• Description of how and when medical consultations and evaluations are required.

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Exposure Evaluation (WAC 296-828-20010)

If you conduct processes that pose a respiratory hazard that cannot be adequately controlled by engineering controls or if you are unsure if a respiratory hazard is adequately controlled, reach out to EHS and we will conduct an exposure evaluation.

Following exposure evaluation by EHS, results will be communicated to all personnel represented by the exposure evaluation within 5 business days.

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Training (WAC 296-828-20015)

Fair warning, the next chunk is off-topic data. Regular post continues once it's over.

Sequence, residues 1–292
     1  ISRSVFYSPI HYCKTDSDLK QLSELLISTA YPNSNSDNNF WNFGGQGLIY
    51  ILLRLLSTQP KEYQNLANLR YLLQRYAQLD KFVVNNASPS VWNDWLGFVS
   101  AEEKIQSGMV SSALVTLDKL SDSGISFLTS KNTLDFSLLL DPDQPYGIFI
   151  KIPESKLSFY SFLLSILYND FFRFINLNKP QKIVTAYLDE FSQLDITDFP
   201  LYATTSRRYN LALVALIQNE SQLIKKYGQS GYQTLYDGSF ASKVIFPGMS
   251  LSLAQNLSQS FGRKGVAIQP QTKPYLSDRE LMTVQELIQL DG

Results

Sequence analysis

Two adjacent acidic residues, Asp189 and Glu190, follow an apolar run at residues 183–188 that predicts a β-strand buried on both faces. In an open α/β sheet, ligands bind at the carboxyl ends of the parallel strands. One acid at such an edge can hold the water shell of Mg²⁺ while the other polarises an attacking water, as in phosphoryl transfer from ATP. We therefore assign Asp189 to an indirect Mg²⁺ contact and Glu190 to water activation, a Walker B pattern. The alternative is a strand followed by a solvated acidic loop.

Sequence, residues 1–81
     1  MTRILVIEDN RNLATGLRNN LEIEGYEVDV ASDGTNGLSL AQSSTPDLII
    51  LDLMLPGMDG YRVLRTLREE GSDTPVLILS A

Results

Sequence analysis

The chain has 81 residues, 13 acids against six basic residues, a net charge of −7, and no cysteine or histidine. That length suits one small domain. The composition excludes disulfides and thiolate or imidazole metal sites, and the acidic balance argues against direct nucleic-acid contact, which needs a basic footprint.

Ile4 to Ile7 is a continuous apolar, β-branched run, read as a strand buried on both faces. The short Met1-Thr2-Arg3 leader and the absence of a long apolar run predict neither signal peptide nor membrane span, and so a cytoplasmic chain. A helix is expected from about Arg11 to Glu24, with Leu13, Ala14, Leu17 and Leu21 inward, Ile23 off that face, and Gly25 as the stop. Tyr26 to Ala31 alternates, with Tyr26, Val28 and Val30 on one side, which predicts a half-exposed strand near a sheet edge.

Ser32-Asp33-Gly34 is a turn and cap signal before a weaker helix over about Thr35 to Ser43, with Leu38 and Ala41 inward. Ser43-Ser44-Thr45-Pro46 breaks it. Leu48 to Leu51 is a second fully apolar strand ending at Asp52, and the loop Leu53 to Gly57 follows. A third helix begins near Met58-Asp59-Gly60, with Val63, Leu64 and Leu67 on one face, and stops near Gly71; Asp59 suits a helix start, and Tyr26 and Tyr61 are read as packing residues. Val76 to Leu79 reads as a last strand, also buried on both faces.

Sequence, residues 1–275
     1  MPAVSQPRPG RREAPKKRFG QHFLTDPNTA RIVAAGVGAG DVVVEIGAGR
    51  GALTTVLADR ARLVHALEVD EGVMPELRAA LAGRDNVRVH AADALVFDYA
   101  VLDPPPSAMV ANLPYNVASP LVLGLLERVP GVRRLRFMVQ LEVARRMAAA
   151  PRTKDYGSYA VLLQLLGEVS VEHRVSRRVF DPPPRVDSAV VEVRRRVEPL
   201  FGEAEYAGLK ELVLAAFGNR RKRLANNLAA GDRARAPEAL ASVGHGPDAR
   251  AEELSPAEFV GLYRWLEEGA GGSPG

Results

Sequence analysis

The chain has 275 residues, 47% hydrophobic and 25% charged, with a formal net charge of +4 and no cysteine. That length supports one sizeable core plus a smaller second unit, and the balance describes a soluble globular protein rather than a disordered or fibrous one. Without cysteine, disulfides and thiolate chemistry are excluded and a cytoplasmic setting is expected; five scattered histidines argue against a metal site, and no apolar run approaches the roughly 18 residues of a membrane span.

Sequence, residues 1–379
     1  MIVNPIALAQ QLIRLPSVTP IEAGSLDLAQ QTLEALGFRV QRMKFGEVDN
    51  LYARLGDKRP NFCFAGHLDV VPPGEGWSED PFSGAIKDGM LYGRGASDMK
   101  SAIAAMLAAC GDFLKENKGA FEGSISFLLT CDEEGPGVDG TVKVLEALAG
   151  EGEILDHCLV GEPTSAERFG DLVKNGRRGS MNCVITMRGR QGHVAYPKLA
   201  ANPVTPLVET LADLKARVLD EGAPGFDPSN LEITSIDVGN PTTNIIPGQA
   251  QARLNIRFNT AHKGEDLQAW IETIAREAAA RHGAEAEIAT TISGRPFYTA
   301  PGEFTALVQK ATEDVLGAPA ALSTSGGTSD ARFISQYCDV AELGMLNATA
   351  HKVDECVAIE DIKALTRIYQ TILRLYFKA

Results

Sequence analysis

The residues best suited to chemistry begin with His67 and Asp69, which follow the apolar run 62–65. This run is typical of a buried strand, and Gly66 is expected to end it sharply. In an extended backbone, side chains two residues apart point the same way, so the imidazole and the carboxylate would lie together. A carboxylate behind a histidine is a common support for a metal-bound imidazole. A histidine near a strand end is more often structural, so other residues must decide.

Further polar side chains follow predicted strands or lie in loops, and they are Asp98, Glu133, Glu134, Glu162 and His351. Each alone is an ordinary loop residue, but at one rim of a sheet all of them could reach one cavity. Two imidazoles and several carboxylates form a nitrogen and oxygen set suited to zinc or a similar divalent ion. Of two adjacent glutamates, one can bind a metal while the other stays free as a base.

Student and employee training must be documented and include:

  • The nature of the chemical and physical hazards within a space at the time of initial assignment and before initiating a process with exposure to a hazardous chemical.
  • Methods of observing and detecting the presence or release of hazardous materials. This may include notification of previous exposure evaluations, any continuous monitoring devices, and the visual appearance and odor of hazardous materials.
  • Procedures to protect oneself from hazardous materials: appropriate work practices, personal protective equipment, and emergency procedures.
  • Refresher training as needed. EHS recommends that refresher training happen at the start of each academic quarter.

Some additional topics and information that you are entitled to: